The rate of development of the mountain areas of Madera County is up to 45 years ahead of what was projected in 1975, mainly in the Yosemite Lakes park area. But the development isn’t stopping any time soon, according to Tony Ward, chairman of the Madera County Planning Commission, who was one of the speakers at the Madera County Farm Bureau’s First Annual Water Conference on Thursday at State Center Community College.
The demand for water will increase from the current 3,000 acre feet annually to 10,000 acre feet by the year 2020.
According to Ward, the only real answer to fulfill the needs will be to build the infrastructure necessary pipe surface water in from Redinger Lake.
“We can have 56,386 more homes in the area without adding any new lots by 2020." Beyond 2020, "that number could be more than 80,000,” said Ward. “The wells in the area could become a problem.”
Ken Schmidt of Schmidt and Associates, who has been studying the water issues in the mountain area for a long time, agrees that wells could be a problem.
“Most of the wells in the mountain area are in fractured rock,” said Schmidt. “Rainfall and snow pack form the local water sources. The water has only two places to go. If it’s not pumped out of the ground, it provides the local plants with moisture, or it runs off into spring flows. Most of the water in the valley comes from surface runoff, not from mountain groundwater.”
Besides a lack of water, the lack of quality water is the main issue, according to Schmidt.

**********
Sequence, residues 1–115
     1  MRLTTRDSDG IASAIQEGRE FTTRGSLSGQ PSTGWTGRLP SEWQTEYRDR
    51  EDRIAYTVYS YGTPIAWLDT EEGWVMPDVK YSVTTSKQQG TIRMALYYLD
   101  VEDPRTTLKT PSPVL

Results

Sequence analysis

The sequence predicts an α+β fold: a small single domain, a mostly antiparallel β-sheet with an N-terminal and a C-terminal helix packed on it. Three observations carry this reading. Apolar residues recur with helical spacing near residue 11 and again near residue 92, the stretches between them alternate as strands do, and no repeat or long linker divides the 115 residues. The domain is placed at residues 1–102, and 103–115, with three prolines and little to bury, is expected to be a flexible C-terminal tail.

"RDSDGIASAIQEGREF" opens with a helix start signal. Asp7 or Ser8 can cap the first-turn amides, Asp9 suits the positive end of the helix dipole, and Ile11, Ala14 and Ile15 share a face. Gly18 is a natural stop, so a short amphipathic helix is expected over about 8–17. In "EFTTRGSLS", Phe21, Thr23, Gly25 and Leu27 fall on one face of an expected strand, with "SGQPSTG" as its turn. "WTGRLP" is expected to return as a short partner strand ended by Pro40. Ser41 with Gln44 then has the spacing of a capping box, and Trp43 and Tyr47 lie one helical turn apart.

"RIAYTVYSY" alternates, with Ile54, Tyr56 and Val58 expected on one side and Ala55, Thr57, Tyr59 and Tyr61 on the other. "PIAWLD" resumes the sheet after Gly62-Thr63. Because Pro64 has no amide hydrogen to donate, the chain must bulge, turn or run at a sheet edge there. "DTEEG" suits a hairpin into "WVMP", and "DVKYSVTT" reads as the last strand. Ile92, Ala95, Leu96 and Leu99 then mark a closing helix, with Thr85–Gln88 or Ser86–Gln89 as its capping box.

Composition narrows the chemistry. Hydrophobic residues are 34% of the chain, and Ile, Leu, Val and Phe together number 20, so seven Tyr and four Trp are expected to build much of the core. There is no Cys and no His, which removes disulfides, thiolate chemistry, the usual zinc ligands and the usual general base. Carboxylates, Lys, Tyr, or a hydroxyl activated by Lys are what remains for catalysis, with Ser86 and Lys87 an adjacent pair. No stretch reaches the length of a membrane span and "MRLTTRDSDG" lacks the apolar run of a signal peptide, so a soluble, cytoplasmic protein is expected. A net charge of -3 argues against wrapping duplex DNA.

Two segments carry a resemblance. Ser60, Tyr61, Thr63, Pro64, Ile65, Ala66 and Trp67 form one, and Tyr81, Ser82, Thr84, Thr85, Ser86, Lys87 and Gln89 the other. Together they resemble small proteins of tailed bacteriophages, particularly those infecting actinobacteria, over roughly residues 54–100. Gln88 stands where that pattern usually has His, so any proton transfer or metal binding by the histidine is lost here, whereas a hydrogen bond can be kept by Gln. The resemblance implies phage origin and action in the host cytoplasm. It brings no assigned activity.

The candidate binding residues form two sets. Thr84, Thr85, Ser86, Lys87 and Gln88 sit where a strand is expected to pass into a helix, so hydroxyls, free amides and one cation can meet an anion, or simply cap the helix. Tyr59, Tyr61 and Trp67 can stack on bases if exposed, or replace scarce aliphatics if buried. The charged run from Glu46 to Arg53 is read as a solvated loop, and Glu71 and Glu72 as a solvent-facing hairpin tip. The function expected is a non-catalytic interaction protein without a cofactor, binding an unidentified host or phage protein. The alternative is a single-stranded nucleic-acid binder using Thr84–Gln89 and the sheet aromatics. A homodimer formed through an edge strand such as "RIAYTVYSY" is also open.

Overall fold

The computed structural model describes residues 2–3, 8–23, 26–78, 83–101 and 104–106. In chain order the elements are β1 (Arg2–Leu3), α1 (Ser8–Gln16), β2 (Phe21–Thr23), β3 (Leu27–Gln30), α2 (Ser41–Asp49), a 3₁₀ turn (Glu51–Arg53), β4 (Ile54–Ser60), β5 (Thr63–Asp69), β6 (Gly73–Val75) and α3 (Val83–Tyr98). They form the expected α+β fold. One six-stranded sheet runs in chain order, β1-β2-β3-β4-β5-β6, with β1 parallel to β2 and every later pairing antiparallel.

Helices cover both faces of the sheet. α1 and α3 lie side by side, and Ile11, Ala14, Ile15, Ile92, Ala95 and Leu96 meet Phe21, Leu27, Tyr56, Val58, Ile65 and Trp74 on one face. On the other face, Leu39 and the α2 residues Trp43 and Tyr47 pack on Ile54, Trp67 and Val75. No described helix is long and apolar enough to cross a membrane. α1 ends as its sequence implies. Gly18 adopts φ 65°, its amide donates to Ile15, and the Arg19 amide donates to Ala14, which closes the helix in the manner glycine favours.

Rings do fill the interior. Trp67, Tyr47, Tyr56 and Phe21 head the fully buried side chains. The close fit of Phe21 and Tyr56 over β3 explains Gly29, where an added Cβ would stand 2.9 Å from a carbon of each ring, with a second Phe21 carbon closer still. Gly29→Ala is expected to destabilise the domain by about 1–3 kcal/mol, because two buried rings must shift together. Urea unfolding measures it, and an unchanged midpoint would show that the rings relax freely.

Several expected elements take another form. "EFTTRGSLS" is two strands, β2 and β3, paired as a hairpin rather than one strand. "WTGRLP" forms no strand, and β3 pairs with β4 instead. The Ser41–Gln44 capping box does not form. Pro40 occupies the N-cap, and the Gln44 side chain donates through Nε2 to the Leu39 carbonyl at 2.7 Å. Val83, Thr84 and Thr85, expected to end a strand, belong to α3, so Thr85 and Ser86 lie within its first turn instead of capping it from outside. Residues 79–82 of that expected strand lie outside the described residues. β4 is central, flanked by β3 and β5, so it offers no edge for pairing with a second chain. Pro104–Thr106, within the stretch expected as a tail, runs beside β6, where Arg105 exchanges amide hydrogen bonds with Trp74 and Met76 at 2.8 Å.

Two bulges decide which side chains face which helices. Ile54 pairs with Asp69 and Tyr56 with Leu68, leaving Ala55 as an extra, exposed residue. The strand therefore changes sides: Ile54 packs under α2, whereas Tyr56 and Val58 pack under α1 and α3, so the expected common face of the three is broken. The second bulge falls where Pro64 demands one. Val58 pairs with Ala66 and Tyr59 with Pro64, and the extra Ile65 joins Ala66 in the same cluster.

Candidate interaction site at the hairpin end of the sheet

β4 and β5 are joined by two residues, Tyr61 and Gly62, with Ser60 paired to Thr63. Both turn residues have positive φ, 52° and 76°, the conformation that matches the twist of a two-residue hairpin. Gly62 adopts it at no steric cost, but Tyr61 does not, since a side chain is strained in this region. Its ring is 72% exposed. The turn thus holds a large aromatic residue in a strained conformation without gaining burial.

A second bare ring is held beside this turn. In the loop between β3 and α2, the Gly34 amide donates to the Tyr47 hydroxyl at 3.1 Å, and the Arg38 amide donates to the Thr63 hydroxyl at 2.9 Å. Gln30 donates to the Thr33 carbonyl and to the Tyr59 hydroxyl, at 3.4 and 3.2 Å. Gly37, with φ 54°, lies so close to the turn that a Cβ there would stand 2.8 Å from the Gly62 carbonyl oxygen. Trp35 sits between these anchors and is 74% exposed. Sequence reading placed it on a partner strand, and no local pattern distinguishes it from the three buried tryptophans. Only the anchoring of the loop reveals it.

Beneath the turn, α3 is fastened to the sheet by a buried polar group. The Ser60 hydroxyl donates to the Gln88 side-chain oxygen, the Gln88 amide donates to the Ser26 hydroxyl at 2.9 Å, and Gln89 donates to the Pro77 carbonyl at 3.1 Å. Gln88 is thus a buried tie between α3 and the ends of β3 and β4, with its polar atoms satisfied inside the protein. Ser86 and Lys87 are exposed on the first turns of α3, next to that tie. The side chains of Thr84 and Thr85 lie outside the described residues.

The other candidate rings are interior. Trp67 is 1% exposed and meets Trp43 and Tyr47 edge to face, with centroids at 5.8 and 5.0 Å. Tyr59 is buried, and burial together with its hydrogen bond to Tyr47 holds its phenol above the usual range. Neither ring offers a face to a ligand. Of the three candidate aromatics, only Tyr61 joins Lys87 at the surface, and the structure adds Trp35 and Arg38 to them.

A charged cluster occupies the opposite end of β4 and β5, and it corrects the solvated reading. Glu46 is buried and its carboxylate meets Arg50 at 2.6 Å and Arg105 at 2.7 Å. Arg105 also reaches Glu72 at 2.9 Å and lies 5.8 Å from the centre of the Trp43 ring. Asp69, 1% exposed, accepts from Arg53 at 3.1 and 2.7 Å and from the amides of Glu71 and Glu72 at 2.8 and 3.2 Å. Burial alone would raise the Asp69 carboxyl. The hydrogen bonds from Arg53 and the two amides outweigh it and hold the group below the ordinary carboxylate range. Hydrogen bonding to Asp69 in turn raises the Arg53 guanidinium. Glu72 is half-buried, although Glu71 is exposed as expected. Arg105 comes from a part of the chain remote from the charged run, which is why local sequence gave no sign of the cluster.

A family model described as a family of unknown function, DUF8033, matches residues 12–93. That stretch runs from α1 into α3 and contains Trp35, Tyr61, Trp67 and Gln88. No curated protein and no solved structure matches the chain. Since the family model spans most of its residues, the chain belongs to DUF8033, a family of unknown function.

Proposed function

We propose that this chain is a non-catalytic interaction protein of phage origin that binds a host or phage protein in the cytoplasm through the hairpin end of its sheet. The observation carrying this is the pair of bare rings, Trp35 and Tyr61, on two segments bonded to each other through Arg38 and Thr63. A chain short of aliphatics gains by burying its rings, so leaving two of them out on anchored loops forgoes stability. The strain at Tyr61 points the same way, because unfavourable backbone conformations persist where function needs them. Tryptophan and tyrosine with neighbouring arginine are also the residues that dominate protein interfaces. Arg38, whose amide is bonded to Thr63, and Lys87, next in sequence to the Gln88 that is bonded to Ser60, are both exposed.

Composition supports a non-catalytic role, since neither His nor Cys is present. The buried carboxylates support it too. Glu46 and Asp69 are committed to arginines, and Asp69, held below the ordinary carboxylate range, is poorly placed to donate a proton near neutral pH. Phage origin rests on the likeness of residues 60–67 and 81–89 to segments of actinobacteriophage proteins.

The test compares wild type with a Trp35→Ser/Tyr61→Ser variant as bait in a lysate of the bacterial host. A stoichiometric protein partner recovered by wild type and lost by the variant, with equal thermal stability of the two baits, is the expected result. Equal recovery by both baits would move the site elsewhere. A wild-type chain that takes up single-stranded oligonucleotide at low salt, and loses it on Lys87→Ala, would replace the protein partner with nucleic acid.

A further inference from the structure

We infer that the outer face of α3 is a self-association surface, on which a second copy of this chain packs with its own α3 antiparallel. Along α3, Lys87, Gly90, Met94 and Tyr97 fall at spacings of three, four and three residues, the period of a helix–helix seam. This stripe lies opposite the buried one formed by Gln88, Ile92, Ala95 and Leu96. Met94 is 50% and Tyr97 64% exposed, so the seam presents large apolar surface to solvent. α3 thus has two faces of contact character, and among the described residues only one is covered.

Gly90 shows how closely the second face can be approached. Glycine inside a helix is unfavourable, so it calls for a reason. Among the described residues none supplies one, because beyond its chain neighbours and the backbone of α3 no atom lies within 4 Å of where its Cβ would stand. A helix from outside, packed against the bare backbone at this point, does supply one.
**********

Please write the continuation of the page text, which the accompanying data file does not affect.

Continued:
“Water quality is a problem throughout the mountains,” Schmidt said. “There are problems with salt, iron, manganese, sulfides and nitrates, but the real problem is with uranium, and attempting to treat the water for uranium is not economically feasible.”
The other difficulty facing the region is the ever-increasing population. Wells are getting closer and closer together, which has the effect of drawing down the underground water supply faster than it can be recharged. Some of these wells are inadequate to maintain themselves during the long dry summers, especially in drought years.
“We have learned that a 72 hour pump test is inadequate,” said Schmidt. “We now want to have a 10- to 20-day pump test to determine if a well can provide a 180-day yield.”
The pump test is needed to ensure the well can meet the demand of the user even during long, dry spells when the well will not be recharged.
With so many wells being drilled in the area, placing a bigger demand on the water supply, Schmidt said, “To ensure adequate wells, we may have to create a well-spacing ordinance.”
With population predictions reaching up to the 200,000 mark in Eastern Madera County, being able to provide both quality and quantity of water will be a huge undertaking, Ward said.
Dave Hoplain, co-chairman of the Eastern Madera County Water Oversight Committee, said, “I am compelled by the idea that mountain residents and flatlanders must work together. To divide the mountains and Valley floor is bad news.”